Estimating Unequal Gains across U.S. Consumers with Supplier Trade Data
Colin Hottman () and
No 1220, International Finance Discussion Papers from Board of Governors of the Federal Reserve System (U.S.)
Using supplier-level trade data, we estimate the effect on consumer welfare from changes in U.S. imports both in the aggregate and for different household income groups from 1998 to 2014. To do this, we use consumer preferences which feature non-homotheticity both within sectors and across sectors. After structurally estimating the parameters of the model, using the universe of U.S. goods imports, we construct import price indexes in which a variety is defined as a foreign establishment producing an HS10 product that is exported to the United States. We find that lower income households experienced the most import price inflation, while higher income households experienced the least import price inflation during our time period. Thus, we do not find evidence that the consumption channel has mitigated the distributional effects of trade that have occurred through the nominal income channel in the United States over the past two decades.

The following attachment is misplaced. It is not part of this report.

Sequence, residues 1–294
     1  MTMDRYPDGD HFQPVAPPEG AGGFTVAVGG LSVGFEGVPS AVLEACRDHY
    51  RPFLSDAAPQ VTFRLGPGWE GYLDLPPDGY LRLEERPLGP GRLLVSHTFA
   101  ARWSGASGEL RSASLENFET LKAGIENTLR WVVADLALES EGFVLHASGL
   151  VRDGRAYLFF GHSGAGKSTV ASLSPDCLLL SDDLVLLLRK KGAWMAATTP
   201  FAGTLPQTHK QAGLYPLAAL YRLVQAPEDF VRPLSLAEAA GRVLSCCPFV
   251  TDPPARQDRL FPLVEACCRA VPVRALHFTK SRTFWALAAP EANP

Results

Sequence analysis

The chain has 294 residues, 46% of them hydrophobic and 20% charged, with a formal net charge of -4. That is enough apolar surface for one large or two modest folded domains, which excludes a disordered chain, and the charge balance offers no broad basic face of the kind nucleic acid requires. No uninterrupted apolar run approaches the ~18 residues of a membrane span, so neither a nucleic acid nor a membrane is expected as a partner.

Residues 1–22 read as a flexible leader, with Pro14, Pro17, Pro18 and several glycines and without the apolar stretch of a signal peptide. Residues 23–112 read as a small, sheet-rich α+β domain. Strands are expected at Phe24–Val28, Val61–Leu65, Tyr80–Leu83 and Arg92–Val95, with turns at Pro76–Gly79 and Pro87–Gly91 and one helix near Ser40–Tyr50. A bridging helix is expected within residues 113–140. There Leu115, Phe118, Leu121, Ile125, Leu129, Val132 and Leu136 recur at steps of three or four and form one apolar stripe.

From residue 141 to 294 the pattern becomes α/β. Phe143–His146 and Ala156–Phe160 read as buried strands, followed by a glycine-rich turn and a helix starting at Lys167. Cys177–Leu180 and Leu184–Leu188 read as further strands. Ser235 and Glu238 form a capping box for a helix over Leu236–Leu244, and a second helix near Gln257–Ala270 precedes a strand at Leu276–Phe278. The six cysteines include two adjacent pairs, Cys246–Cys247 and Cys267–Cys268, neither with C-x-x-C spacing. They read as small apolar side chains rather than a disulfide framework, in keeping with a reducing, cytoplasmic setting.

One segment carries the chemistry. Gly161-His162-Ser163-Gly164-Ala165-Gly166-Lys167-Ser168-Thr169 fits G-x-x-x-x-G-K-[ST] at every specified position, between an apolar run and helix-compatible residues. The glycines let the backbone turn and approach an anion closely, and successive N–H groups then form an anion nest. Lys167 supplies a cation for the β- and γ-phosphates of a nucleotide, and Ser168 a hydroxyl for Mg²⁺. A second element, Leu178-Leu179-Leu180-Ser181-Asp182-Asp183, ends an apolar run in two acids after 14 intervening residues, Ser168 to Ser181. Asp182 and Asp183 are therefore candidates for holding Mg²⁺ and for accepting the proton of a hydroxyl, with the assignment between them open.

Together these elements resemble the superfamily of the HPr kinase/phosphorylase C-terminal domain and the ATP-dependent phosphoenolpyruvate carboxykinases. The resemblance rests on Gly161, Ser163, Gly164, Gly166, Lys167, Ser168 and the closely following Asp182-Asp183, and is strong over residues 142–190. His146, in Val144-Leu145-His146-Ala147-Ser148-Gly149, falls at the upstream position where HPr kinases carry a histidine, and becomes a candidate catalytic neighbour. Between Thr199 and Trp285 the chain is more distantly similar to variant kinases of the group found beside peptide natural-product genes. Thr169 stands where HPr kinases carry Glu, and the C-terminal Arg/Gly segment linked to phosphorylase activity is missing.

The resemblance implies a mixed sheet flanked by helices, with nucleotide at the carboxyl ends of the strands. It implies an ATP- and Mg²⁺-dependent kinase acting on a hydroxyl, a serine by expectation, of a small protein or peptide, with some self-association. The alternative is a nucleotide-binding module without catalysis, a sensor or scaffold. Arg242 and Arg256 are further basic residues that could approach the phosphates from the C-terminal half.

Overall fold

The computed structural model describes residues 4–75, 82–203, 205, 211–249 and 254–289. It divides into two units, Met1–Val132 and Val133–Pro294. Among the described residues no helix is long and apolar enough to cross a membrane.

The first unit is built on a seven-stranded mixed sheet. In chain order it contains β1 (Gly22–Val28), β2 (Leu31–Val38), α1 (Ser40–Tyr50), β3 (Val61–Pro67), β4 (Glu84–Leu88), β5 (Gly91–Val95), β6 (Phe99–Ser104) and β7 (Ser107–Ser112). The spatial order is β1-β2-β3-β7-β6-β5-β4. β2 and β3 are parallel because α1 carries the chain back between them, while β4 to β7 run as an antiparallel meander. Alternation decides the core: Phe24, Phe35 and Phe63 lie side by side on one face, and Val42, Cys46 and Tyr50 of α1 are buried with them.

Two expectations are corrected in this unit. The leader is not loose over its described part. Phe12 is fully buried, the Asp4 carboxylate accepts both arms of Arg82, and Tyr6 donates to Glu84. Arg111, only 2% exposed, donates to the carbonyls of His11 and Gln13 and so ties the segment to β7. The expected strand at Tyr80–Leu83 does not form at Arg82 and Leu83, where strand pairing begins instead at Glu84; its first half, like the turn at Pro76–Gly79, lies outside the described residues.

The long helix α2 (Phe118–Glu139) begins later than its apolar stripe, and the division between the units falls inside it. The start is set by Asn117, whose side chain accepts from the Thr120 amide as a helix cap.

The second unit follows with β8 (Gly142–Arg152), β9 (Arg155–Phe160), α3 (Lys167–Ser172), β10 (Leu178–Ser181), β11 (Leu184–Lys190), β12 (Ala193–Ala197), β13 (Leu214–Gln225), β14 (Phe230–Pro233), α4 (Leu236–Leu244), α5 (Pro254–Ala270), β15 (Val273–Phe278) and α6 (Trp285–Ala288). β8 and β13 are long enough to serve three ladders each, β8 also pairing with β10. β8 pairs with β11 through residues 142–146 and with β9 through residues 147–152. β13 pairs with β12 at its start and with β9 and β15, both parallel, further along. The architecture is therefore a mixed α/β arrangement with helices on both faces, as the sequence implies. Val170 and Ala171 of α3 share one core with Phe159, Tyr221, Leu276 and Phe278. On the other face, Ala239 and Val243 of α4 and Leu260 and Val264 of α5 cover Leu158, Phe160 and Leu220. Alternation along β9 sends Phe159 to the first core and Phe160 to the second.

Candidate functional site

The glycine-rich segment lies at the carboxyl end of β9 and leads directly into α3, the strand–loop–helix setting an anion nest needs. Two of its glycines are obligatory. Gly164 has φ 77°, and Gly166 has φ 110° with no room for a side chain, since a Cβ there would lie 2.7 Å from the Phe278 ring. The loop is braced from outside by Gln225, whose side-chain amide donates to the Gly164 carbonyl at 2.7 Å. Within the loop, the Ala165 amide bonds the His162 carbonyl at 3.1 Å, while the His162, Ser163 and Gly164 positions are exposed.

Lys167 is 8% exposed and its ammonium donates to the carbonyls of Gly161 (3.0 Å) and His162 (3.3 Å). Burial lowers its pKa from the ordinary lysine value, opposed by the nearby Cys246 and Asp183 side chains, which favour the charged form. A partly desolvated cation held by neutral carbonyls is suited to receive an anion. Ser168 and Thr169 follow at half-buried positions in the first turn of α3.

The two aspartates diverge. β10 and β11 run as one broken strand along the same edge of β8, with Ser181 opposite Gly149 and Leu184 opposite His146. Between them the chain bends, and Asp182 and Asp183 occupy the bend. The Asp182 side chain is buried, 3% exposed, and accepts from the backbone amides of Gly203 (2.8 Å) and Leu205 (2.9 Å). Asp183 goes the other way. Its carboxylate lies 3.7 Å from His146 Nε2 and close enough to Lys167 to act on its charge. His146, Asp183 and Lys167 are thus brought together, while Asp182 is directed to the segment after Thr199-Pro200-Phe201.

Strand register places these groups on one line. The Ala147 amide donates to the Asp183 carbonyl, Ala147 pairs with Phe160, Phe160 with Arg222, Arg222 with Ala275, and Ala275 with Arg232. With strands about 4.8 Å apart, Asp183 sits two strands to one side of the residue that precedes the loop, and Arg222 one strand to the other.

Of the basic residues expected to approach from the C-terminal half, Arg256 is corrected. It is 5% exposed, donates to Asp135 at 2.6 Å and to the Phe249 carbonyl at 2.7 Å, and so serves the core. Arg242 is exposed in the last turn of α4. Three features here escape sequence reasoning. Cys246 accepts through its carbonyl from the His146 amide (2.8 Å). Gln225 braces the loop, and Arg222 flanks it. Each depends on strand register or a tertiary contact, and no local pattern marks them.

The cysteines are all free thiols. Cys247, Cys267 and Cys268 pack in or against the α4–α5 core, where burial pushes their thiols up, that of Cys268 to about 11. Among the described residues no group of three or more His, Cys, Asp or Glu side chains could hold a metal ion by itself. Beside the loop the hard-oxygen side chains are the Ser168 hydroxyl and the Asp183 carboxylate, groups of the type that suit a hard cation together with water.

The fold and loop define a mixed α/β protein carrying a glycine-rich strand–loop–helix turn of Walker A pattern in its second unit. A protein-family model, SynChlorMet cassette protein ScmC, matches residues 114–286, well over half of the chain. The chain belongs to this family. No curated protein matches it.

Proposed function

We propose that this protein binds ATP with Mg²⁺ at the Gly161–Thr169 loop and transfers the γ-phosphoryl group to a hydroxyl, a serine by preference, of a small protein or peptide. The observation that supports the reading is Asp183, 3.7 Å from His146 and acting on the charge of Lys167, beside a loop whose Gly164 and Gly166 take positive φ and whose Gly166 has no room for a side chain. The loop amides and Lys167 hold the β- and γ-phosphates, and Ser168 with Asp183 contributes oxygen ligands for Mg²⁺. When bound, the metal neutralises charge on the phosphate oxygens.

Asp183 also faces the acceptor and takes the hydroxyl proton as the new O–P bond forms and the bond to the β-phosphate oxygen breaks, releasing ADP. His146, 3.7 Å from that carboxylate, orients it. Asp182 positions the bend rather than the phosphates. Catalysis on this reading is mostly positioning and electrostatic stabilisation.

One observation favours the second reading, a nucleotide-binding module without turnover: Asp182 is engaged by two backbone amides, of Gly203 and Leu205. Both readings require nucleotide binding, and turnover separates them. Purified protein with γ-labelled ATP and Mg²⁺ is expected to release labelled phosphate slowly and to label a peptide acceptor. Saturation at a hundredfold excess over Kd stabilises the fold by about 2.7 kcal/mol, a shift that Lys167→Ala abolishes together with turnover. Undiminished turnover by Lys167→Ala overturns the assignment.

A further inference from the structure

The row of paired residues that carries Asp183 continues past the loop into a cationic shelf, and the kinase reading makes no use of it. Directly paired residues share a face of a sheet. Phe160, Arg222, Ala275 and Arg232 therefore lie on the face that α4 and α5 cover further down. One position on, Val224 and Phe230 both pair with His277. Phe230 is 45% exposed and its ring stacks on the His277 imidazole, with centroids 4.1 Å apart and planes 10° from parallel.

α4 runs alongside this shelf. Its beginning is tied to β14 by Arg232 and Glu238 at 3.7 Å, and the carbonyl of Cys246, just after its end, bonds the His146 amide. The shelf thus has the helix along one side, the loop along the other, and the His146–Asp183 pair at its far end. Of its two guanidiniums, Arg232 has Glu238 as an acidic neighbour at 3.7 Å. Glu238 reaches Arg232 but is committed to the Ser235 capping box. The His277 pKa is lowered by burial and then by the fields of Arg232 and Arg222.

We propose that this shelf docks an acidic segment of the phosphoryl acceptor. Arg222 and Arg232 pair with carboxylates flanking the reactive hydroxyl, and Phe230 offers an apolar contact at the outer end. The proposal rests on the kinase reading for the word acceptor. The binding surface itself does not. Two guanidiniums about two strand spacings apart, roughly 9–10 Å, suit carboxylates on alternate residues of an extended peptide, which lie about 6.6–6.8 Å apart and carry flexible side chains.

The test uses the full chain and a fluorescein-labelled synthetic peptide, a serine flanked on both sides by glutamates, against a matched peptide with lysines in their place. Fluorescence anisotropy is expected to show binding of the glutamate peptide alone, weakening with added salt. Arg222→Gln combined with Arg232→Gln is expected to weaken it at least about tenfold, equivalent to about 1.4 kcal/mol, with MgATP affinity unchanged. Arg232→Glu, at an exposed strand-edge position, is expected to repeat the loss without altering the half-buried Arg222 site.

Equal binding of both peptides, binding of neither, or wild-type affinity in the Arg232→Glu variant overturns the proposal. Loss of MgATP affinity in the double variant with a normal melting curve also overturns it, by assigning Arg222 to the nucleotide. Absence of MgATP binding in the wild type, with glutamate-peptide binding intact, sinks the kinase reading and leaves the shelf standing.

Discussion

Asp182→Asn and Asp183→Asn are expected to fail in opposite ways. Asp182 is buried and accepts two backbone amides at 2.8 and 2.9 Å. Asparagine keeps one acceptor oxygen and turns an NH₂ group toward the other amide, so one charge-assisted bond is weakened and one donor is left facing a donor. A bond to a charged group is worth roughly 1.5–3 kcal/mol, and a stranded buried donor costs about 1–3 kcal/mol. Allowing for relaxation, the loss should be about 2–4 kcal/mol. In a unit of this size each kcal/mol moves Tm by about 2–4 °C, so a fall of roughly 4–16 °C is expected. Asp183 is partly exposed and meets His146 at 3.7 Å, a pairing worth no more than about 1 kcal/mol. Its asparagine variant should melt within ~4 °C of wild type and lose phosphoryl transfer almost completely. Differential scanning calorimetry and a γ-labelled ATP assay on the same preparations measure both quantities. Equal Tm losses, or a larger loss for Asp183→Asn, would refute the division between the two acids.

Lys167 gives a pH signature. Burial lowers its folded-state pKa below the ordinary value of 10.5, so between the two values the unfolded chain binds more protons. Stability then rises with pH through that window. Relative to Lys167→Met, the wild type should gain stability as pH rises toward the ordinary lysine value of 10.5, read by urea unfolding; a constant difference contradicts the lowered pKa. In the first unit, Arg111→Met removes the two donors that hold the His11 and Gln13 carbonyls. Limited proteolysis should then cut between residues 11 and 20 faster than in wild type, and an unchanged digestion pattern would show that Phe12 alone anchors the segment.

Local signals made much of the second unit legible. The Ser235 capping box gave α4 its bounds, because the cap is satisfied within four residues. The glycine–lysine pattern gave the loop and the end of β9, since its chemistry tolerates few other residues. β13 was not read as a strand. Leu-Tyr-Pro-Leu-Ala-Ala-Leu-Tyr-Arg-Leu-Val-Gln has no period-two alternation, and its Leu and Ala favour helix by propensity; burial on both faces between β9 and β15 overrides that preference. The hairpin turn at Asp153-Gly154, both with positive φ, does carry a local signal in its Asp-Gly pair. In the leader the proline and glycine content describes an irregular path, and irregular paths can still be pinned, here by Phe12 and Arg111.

Keywords: Import price index; Non-homotheticity; Real income inequality; Product variety; Markups (search for similar items in EconPapers)
JEL-codes: D12 E31 F14 (search for similar items in EconPapers)
New Economics Papers: this item is included in nep-agr, nep-int and nep-mac
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Working Paper: Estimating Unequal Gains across U.S. Consumers with Supplier Trade Data (2018)
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